Multiferroics — materials that exhibit both magnetic and electric order — are of interest for next-generation computing but difficult to create because the conditions conducive to each of those states are usually mutually exclusive. And in most multiferroics found to date, their respective properties emerge only at extremely low temperatures.

Two years ago, researchers in the labs of Darrell Schlom, the Herbert Fisk Johnson Professor of Industrial Chemistry in the Department of Materials Science and Engineering, and Dan Ralph, the F.R. Newman Professor in the College of Arts and Sciences, in collaboration with professor Ramamoorthy Ramesh at UC Berkeley, published a paper announcing a breakthrough in multiferroics involving the only known material in which magnetism can be controlled by applying an electric field at room temperature: the multiferroic bismuth ferrite.

Schlom’s group has partnered with David Muller and Craig Fennie, professors of applied and engineering physics, to take that research a step further: The researchers have combined two non-multiferroic materials, using the best attributes of both to create a new room-temperature multiferroic.

Their paper, “Atomically engineered ferroic layers yield a room-temperature magnetoelectric multiferroic,” was published — along with a companion News & Views piece — Sept. 22 [2016] in Nature. …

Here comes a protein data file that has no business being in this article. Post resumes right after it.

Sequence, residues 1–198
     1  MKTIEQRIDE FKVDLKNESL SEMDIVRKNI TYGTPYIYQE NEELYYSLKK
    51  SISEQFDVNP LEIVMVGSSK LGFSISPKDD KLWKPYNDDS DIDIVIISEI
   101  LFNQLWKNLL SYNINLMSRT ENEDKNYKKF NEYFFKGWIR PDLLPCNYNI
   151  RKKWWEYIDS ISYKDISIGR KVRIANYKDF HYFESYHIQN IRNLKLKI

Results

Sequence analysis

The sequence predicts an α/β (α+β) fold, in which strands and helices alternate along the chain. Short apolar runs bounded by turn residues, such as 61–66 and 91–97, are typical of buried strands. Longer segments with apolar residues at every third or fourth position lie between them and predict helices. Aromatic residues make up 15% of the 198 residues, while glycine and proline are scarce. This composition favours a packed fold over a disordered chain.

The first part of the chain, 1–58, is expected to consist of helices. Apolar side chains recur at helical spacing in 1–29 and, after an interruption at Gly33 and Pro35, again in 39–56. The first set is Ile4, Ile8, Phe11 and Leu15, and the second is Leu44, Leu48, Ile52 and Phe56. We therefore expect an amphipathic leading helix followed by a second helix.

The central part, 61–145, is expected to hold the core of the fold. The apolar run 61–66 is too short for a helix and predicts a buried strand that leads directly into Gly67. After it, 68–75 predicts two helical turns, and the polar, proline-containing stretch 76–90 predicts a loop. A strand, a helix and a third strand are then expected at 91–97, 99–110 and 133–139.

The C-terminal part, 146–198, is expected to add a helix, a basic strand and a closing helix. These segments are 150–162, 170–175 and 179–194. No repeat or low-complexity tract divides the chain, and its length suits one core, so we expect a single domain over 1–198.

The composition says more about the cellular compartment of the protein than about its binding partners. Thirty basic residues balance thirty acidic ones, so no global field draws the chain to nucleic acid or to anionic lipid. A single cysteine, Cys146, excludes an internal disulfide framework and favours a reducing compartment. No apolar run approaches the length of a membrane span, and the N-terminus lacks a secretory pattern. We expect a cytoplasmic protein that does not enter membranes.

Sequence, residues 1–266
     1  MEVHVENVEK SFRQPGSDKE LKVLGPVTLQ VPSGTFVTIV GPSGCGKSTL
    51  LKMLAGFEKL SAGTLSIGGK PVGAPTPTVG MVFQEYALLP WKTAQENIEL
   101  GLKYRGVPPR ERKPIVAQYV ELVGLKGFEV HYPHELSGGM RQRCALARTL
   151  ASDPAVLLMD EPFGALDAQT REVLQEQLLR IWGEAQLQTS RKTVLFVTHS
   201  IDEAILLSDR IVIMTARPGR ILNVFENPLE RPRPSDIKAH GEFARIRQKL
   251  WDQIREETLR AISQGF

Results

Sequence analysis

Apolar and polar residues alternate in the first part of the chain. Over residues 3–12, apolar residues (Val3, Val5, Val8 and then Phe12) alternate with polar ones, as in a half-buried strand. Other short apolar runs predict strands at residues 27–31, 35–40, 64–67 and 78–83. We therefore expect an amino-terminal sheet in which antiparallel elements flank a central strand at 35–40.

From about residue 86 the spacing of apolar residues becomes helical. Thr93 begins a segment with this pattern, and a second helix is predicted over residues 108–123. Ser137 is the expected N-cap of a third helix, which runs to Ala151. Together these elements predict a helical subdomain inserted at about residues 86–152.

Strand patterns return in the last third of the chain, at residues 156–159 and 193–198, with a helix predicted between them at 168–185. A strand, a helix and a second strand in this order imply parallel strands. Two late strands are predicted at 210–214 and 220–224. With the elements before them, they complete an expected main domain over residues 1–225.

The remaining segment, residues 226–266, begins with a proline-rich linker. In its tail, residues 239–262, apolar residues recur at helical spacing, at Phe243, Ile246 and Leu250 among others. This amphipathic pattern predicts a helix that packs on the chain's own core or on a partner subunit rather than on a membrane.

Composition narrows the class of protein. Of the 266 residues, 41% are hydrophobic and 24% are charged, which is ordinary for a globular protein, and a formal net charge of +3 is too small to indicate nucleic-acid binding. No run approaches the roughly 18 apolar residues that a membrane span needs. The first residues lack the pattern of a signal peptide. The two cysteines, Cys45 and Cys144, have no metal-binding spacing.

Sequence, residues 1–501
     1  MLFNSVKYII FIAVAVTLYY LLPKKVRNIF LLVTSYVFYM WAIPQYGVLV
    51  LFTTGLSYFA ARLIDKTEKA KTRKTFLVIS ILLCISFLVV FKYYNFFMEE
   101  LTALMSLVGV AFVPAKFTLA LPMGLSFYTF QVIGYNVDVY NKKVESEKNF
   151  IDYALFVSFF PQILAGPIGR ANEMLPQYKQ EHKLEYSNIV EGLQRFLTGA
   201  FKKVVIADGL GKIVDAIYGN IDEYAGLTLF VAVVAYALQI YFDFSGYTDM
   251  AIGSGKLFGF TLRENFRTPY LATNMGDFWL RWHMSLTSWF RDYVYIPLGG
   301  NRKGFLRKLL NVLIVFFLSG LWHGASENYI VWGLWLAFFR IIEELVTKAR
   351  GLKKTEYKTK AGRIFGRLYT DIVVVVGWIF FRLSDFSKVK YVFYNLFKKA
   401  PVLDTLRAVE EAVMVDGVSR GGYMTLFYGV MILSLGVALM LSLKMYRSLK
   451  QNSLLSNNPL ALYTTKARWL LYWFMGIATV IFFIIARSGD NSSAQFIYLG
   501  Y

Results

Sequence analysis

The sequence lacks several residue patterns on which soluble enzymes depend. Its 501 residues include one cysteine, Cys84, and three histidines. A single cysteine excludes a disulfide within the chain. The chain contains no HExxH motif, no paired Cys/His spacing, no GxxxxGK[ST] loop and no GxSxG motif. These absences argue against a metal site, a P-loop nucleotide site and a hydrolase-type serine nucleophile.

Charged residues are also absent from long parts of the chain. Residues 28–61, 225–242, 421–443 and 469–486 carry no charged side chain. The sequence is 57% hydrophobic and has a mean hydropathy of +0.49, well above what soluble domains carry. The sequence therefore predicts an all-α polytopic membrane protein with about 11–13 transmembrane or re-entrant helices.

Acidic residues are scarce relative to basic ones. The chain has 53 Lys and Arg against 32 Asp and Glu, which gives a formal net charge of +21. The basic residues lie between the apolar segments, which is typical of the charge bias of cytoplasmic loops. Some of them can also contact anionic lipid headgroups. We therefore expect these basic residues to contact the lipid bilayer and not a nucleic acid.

A Sept. 22, 2016 Cornell University news release by Tom Fleischman, which originated the news item, details more about the work (Note: A link has been removed),

The group engineered thin films of hexagonal lutetium iron oxide (LuFeO3), a material known to be a robust ferroelectric but not strongly magnetic. The LuFeO3 consists of alternating single monolayers of lutetium oxide and iron oxide, and differs from a strong ferrimagnetic oxide (LuFe2O4), which consists of alternating monolayers of lutetium oxide with double monolayers of iron oxide.

The researchers found, however, that they could combine these two materials at the atomic-scale to create a new compound that was not only multiferroic but had better properties that either of the individual constituents. In particular, they found they need to add just one extra monolayer of iron oxide to every 10 atomic repeats of the LuFeO3 to dramatically change the properties of the system.

That precision engineering was done via molecular-beam epitaxy (MBE), a specialty of the Schlom lab. A technique Schlom likens to “atomic spray painting,” MBE let the researchers design and assemble the two different materials in layers, a single atom at a time.